Current price of warrant – C$1.83
Current price of common – C$6.43
Using the above data, if you purchase one wt at a price of C$1.83 you now have the right to purchase one common share at C$6.00 until 17-Feb-2010. This is the exact principle of call options and LEAPS.
The warrant intrinsic value is said to be C$.43 (current price of common C$6.43 – exercise price, C$6.00). The additional premium of C$1.43 (current price of wt, C$1.83 – intrinsic value, C$.43) is the time value premium placed on the warrants by the markets.
An investor may purchase a warrant which is the option (the right) to purchase the common stock of a company. He may prefer to purchase the warrant instead of the common stock because the warrant offers more potential gain, that is the warrant offers the investor leverage.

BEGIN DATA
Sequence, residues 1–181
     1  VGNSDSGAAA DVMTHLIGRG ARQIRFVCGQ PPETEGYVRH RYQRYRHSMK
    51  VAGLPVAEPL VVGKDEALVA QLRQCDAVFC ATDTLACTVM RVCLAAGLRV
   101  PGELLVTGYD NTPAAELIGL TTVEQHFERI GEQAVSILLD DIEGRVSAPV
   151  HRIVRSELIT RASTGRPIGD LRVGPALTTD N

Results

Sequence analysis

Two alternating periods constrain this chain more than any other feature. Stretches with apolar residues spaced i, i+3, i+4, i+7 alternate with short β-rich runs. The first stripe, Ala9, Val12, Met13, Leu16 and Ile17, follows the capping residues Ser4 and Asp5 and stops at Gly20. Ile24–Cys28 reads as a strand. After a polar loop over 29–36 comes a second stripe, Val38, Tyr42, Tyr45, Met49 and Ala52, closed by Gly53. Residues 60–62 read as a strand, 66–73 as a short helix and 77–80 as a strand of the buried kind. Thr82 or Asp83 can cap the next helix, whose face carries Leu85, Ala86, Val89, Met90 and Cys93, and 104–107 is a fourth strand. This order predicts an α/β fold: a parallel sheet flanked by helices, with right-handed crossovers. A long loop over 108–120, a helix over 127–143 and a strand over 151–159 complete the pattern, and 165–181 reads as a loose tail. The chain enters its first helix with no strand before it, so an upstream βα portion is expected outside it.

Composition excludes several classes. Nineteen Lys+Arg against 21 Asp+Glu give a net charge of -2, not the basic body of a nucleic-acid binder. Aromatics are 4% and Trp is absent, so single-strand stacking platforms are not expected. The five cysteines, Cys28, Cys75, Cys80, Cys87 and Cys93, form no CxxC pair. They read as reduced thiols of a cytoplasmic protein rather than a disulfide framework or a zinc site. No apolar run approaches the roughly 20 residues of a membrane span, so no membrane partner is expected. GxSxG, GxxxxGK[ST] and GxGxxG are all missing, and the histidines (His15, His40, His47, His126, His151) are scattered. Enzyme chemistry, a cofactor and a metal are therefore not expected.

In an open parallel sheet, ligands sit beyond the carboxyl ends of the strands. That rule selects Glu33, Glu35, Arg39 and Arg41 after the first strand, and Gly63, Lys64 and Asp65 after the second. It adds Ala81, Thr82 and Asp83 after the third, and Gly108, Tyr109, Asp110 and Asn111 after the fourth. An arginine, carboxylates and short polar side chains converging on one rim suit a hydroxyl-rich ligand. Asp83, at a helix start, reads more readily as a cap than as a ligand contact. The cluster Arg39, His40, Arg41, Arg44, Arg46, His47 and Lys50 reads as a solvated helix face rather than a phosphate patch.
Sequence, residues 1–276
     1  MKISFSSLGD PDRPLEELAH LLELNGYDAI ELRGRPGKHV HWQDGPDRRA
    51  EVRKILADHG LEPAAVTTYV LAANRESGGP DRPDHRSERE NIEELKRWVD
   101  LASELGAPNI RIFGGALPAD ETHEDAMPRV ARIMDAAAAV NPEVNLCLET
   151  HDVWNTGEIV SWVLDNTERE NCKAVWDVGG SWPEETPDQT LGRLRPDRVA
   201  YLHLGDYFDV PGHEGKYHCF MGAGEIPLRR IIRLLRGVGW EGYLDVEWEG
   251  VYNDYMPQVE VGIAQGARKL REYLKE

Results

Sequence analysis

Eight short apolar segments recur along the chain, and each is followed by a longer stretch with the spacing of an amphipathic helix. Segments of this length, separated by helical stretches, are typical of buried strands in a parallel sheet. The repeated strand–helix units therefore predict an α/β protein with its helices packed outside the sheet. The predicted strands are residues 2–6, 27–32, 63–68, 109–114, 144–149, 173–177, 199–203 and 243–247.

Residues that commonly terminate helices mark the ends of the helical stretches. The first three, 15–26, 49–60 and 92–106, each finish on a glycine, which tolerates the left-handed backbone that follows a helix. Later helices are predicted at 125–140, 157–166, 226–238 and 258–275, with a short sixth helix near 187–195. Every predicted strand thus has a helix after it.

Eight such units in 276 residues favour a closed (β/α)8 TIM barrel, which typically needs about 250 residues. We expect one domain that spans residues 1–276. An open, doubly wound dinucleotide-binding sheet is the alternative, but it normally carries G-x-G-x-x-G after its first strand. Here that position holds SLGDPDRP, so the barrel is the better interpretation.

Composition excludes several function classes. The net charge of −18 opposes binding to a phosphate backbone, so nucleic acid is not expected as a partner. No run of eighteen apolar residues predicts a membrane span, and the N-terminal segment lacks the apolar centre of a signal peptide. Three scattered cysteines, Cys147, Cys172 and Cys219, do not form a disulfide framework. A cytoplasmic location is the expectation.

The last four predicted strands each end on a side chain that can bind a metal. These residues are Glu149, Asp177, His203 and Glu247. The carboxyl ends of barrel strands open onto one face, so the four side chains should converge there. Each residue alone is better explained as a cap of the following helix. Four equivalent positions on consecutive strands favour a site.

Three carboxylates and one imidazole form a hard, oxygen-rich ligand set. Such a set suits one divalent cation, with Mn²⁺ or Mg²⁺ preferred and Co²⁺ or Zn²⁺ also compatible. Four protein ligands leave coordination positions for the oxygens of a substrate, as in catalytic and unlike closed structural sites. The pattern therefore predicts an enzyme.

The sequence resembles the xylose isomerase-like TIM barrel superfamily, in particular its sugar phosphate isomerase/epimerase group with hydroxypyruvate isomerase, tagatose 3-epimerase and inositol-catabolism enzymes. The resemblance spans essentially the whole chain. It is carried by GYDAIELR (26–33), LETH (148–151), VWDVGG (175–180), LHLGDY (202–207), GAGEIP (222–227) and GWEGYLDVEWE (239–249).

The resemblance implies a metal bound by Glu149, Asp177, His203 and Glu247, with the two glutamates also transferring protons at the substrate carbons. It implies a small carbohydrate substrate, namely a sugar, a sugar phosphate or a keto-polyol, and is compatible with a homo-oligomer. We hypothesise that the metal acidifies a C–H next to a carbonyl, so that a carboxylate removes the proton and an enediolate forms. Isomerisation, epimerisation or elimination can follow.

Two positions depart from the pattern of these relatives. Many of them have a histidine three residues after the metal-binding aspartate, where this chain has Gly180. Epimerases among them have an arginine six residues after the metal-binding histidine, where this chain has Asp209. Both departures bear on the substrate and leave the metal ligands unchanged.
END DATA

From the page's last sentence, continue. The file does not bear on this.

C. Background and History of Warrants
Warrants have literally been available for investors for many decades but yet are very under appreciated and overlooked by most investors.
In the 1960’s and 1970’s there was a service called, ‘The RHM Warrant Survey’ to which many investors subscribed and which was available only in hard copy. To the best of our knowledge, this service stopped in the late ‘70’s or early 80’s and very little information has been available since to investors.
In the very popular and highly recommended book, The Coming Collapse Of The Dollar And How To Profit From It by James Turk and John Rubino, they discuss options and LEAPS as a possible avenue for investing in the mining stocks. They did not discuss our third possibility, warrants, which we feel is more “investor friendly”. Why? Because of the all-important element of TIME. How many times have your options expired worthless but yet within a few months or so your stock goes up; you just ran out of TIME. (James Turk is now one of the many professionals who are subscribers to our service).